Tuesday, February 19, 2013
Sorry about the out of focus picture. It looked fine on the camera screen and in the thumbnail, not so much here. :( However the point is to see the colours, which at least do show. From this bin I will be making up a warp for sample #2 for AGY:L&H (and a little cotton, too).
In the interest of keeping the price of this publication as low as possible, I decided that, where appropriate, I would use cotton as companion to the linen and hemp. The weft for this warp is a cotton/hemp blend but it is only available in natural so in order to get some colour into the cloth, 2/16 cotton is being used for the warp. I will use cotton with some of the other yarns I have decided to use as well.
There are days when I feel like I should have titled my blog Confessions of a Weaving Heretic.
We began the Weaving Boot Camp at John C. Campbell with a look at some of the always/nevers that crop up from time to time in the weaving community. (Feel free to share the 'rules' you have successfully bent or broken in the comments.)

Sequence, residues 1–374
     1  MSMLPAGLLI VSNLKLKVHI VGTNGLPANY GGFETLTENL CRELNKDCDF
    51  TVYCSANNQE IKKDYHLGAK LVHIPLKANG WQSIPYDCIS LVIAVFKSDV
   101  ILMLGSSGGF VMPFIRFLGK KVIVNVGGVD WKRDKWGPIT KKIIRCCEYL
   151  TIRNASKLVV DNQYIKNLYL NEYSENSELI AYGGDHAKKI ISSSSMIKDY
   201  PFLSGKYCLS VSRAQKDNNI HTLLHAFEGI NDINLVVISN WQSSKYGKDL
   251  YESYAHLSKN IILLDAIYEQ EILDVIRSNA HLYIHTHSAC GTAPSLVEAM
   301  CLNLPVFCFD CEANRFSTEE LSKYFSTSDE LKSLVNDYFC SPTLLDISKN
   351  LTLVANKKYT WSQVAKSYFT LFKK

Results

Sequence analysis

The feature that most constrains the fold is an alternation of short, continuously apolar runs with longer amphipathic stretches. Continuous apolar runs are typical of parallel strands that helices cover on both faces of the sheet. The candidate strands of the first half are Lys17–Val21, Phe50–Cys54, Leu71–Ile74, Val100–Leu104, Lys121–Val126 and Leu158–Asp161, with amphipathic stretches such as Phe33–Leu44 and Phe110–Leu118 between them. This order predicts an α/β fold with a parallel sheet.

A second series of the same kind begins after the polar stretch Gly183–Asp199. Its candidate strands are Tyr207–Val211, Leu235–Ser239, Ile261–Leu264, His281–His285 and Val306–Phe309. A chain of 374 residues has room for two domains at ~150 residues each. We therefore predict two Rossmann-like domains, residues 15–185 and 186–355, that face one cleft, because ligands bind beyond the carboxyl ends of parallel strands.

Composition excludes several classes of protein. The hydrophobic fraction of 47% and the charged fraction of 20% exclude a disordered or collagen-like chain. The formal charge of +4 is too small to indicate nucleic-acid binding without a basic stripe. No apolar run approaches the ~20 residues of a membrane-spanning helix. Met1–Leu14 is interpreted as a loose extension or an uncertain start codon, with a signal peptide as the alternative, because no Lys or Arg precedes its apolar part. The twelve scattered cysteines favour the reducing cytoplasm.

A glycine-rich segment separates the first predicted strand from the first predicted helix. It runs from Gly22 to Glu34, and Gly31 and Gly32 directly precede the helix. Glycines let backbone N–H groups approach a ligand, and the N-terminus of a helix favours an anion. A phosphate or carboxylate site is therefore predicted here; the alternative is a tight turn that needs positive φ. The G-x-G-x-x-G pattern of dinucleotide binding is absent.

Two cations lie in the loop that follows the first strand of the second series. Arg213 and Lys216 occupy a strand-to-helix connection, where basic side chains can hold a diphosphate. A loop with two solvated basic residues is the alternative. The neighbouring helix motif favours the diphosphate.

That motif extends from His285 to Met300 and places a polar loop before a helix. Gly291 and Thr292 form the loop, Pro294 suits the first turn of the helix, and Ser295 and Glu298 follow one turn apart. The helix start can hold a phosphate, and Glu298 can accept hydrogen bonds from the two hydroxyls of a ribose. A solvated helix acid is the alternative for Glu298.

If you are a regular reader of this blog you will know my list of studio 'rules':
1. Never use a knot where a bow will do
2. If you can't be perfect, be consistent
3. A thread under tension is a thread under control
4. It isn't finished until it's wet finished
and the newly adopted #5 courtesy of Cally Booker
All else depends
So we looked at some of the set in stone rules that sometimes appear on the chat groups or guild meetings and talked about the specific circumstances where those 'rules' would apply. And where they didn't.
It is my belief that these 'rules' came about because someone, somewhere, had a truly horrible experience and in an effort to spare everyone else the same sort of grief shared their new found experience, urging everyone to always/never do such and such.
When I come across this sort of blanket statement my first reaction is to wonder what the circumstances were that gave rise to such a generalization.
Such sweeping statements such as 'never use hand spun for warp' are perplexing because for the first 36,000+ years of textile construction hand spun was the only yarn available. Obviously humans used hand spun yarns rather successfully, given the archeological record.
So I tell my students, find out what gave rise to such admonitions and find out if they are applicable to what they want to do.
Ultimately, choose your expert, with the aim of learning enough that you become your own expert.
FYI - I've been booked to return to JCC the week of January 12-18, 2014 for another 4.5 day Weaving Boot Camp and a 2 day workshop, topic to be decided.